Flight Missions 2012/2020 to combat illicit cannabis cultivation in Albania. Cooperation agreement among:
General Command of the ‘Guardia di Finanza’, Benecon University Consortium, SCIP of the Italian Interior Ministry, Albanian Government and Police. Mapping and creation of a database of the Albanian territory through airborne surveys with hyperspectral and very high-resolution photographic sensors to contrast illicit cultivation of cannabis.




Benecon metodology

The hyperspectral remote sensing activities in Albanian territory carried out from 2012 to 2020 were focused on the discretization of illicit cannabis plantations, hidden due to environmental orography or inaccessibility of places. Specific and targeted hyperspectral aerial remote sensing campaigns with the ITRES CASI-1500 sensor, suitable for recording the electromagnetic ‘responses’ of the natural and built environment in the segments of the electromagnetic spectrum ranging from 365 to 1050 nanometers. The appropriately processed data return ‘deep’ images of the natural and built territory structured by multiple spectral layers, which, appropriately classified, return thematic maps regarding: land use, vegetative stress of plants and crops, geological anomalies, botanical pollution, artificial soil materials, water pollution, just to mention the main critical applications.


The sources of documents can be found in public presentations at the annual conferences held in Albania, promoted by the Albanian Government, the Ministry of the Interior – Albanian Police, by the Italian Ministry of Interior – SCIP , by the General Command of the Guardia di Finanza.

Also, the copious publicity is found in the Albanian and Italian media.

1.912 Hours for the preparation of missions’ flight plans and post processing relating to the use of technologies, software and algorithms of the Benecon University Consortium.

10.800 Hours committed in Albania by Researchers of the Benecon University Consortium for the analysis, interpretation, management and representation of data.

8.300 Hours for the integration and management of Big-Data implemented and integrated annually at the end of each mission by the Researchers of the Benecon University Consortium, in the laboratory, for the verification of the territorial scenarios represented and for the hypothesis of predictive scenarios of artificial intelligence taken by Machine Learning algorithms and dedicated software useful for testing and legitimizing the activities carried out and for the preparation of new operational scenarios on national and international territories.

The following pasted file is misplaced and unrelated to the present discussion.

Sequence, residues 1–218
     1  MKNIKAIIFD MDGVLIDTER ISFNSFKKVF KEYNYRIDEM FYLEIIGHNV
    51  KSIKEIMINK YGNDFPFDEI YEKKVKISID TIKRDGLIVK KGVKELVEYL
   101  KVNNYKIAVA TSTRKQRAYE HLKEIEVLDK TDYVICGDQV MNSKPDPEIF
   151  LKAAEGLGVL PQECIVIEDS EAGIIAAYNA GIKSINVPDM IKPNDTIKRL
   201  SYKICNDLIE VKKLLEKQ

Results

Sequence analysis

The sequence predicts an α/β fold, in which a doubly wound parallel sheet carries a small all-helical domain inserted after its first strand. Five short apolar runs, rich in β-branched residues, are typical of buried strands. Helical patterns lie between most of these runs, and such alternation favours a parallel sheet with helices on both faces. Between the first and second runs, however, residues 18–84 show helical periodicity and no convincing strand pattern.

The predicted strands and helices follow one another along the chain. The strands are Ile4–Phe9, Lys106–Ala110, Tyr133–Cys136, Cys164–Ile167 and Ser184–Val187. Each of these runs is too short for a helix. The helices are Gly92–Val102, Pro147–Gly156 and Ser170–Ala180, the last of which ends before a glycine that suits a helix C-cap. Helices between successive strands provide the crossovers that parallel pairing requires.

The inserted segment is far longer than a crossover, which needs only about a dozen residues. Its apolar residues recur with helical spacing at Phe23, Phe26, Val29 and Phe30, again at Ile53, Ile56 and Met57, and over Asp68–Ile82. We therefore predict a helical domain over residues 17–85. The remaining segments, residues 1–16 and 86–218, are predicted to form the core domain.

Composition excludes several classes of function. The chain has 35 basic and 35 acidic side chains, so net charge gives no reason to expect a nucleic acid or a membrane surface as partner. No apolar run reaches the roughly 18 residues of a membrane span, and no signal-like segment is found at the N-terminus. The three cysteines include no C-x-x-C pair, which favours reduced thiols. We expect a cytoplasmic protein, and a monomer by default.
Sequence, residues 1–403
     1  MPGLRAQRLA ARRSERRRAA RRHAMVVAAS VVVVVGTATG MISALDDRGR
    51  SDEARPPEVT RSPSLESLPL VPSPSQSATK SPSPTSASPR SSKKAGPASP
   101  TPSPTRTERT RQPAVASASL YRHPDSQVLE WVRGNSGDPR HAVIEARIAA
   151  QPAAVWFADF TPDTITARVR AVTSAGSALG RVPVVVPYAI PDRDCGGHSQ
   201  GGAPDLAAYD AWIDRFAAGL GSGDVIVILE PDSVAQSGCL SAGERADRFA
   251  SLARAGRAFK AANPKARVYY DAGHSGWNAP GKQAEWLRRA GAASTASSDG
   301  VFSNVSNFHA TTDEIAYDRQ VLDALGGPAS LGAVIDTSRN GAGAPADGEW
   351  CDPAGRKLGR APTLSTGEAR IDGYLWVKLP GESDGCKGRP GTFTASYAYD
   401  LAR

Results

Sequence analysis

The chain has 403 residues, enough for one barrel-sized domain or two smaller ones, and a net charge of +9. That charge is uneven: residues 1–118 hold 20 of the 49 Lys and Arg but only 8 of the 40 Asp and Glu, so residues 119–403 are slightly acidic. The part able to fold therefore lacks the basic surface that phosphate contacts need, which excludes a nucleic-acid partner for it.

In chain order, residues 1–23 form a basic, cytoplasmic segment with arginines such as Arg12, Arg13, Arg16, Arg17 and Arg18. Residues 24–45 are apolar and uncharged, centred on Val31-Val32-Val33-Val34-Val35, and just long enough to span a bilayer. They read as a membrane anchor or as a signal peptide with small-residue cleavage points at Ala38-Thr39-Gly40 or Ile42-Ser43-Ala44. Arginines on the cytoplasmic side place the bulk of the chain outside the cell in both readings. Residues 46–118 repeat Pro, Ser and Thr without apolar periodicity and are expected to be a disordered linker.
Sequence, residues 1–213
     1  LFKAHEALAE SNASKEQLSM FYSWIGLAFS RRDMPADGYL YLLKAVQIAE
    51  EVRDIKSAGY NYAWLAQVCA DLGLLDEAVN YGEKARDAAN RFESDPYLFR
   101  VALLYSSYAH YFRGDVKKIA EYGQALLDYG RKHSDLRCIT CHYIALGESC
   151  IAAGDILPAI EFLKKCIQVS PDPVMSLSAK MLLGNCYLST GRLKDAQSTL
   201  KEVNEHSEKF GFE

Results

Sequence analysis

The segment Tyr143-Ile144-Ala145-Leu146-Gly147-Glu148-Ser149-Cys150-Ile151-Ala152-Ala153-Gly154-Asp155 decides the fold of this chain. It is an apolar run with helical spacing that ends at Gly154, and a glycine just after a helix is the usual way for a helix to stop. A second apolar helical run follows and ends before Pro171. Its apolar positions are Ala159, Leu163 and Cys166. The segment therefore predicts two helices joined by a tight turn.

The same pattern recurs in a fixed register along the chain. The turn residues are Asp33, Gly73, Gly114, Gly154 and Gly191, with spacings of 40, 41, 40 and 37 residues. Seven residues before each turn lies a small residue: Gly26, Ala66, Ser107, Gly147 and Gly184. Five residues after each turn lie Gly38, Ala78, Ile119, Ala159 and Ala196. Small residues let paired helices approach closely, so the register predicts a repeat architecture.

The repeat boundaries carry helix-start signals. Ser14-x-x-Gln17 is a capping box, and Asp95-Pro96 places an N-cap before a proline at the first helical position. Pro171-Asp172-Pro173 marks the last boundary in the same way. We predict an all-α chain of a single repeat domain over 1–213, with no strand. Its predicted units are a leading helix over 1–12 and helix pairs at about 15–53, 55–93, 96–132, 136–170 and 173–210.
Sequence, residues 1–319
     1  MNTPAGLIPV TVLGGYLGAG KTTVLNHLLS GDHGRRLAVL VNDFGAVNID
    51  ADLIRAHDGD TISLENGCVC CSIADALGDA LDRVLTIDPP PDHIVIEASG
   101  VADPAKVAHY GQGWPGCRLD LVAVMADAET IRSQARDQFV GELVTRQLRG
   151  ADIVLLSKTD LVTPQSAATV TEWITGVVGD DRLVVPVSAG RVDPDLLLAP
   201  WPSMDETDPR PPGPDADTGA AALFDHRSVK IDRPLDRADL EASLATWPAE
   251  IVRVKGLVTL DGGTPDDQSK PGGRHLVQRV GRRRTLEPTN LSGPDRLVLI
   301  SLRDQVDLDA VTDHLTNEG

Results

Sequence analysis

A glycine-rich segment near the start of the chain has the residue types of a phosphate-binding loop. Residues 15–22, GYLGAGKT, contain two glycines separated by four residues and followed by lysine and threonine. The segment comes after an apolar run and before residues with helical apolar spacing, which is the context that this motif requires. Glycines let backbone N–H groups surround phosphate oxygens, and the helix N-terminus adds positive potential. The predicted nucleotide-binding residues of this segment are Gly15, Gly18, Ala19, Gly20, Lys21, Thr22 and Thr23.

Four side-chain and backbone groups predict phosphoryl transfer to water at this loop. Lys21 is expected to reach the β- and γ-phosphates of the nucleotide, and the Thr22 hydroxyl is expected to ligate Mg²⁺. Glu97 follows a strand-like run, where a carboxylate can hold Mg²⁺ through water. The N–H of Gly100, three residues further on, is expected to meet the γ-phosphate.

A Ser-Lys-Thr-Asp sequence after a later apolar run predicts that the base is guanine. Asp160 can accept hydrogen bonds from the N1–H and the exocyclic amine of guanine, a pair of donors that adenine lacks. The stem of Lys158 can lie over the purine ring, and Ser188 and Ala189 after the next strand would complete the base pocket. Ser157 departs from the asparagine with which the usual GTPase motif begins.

Image elaborated of Albania territory by Benecon University Consortium, source: Sentinel – 2 Satellite.


The machine learning algorithms are organized in a taxonomy based on the desired result of the algorithm; then a function is generated that maps the assigned inputs to the desired outputs.The generation of large volumes of data (Big Data) has made machine learning techniques highly sophisticated. This required the use of different algorithms for machine learning both of the supervised and unsupervised territory. Supervised learning is necessary for Big-Data classification and management activities because the aim is to make the computer learns a classification system that we have previously developed by labeling the inputs with some labels (identified hot spots). A standard formulation of the supervised learning task is then represented in a classification scenario: the algorithm must learn how to approximate the behavior of a function that maps a vector into one of two different classes (cannabis / no-cannabis), examining different spectral traces. Inductive machine learning is based on a learning process based on a set of rules drawn from exemplary protocols (examples present in a training set) or, more generally, on the creation of a classifier that represents the starting point for new instances.

Architecture of an artificial neural network with two hidden layers (cannabis / no-cannabis).

Error trend during the training process.

Distribution of the classifications in the two-dimensional plane identified by the two spectral components that turned out to be priority in the classification of the model (786.3 nm, and 814.9 nm) used.